Conference Organizer May Have Been Making Up ‘Ladies’ to Make His Events Appear More Diverse; May Be Pretending to Be A Female ‘Tech Influencer’

Eduards Sizovs, the organizer of the DevTernity and JDKon tech conferences, is facing criticism for allegedly fabricating the profiles of several women speakers for his events — as well as potentially masquerading as Julia Kirsina, the “tech influencer” also known by the handle Coding Unicorn.

The controversy, first brought to light by engineer Gergely Orosz and reported on 404 Media, claims that individuals like Anna Boyko and Natalie Stadler, listed as DevTernity speakers, do not exist. 

Tech publication The Verge has reached out to Coinbase and was able to confirm that it “is not aware of any Coinbase employees speaking at the conference,” at DevTernity, although it did not confirm whether the speakers named — e.g. Boyko, billed as Coinbase staff engineer and Stadler, a “software craftswoman” — exist and are employed at the company.

Orosz also raised concerns about the authenticity of a certain Alina Prokhoda, billed as Microsoft MVP and a WhatsApp senior engineer, and set to speak at the JDKon 2024 conference, noting that she didn’t seem to exist anywhere online beyond the conference.

Sizovs has posted a long tweet in an attempt to respond to the allegations, repeatedly calling out Orosz for not reaching out to him first before posting about his discovery on social media. In the tweet, Sizovs, who kept referring to the speakers as “ladies,” did not address concerns directly, but he did admit that at least one profile was auto-generated from the website’s beta test — and he opted to keep it live while searching for replacements.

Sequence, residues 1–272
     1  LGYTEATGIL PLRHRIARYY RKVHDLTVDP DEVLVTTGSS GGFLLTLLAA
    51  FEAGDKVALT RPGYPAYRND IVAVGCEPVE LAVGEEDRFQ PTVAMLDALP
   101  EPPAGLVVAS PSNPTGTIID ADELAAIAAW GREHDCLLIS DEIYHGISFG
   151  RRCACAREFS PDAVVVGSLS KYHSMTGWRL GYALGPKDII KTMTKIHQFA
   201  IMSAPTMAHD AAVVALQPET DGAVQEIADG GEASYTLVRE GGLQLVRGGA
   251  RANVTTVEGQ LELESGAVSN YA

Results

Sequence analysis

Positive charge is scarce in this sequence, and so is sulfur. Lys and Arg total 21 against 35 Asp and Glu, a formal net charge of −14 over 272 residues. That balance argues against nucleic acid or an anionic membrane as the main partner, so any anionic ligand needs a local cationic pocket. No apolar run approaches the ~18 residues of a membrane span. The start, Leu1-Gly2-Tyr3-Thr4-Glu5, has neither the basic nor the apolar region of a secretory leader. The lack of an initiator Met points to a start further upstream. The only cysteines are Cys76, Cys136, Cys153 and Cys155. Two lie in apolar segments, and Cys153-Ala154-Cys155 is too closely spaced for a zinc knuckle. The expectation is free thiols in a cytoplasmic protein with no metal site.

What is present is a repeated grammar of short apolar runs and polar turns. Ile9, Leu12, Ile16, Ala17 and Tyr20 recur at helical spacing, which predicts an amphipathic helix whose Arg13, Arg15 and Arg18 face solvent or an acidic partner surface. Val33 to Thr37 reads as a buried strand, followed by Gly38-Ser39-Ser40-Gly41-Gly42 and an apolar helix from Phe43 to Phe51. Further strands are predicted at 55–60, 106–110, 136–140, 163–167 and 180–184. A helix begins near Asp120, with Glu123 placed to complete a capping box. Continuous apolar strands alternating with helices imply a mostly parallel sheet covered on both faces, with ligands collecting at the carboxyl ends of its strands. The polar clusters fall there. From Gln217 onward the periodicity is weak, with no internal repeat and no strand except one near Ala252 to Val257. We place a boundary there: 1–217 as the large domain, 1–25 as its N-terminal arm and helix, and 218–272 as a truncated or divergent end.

He defended the decision, minimized it as an error he already fixed, and cited difficulties in securing diverse speakers due to the industry’s limited pool, claiming “There have been 1000s of events chasing the same small sub-group of female speakers.”

However, Sizos completely dodged the issue of whether he was catfishing people at Kirsina. Kirsina has been listed as a speaker at least twice before but has never appeared to speak. Orosz also details the many glaring pieces of evidence that may prove Sizovs is behind the profile on the 404 Media report, including accidentally showing access to Kirsina’s Gmail account, or Instagram photos showing the use of the Eduardsi handle (Sizovs’ X handle) in her coding, and a series of copied social media posts. 

To add to this, The Verge also learned that RISEBA University of Applied Sciences, mentioned in Kirsina’s LinkedIn profile, denies any records of her obtaining a degree. Kirsina currently has an Instagram following of 115K. Her most recent post, from a week ago, has the influencer explaining that she’s not been able to post more regularly as her “life priorities have changed significantly.” 

It’s notable as well that Kirsina does not seem to have posts featuring other people or at events, which is common among influencers. As of this writing, Kirsina has yet to address the allegations, and neither has Sizovs.

The DevTernity conference, which was slated for December 7-8, has announced on its website that it “won’t take place as planned” but gave no reason why, but other (real) speakers have withdrawn their participation.

The JDKon website cannot be reached and appears to have already been taken down.


Information for this story was found via The Verge, 404 Media, and the sources and companies mentioned. The author has no securities or affiliations related to the organizations discussed. Not a recommendation to buy or sell. Always do additional research and consult a professional before purchasing a security. The author holds no licenses.

Leave a Reply

Share
Tweet
Share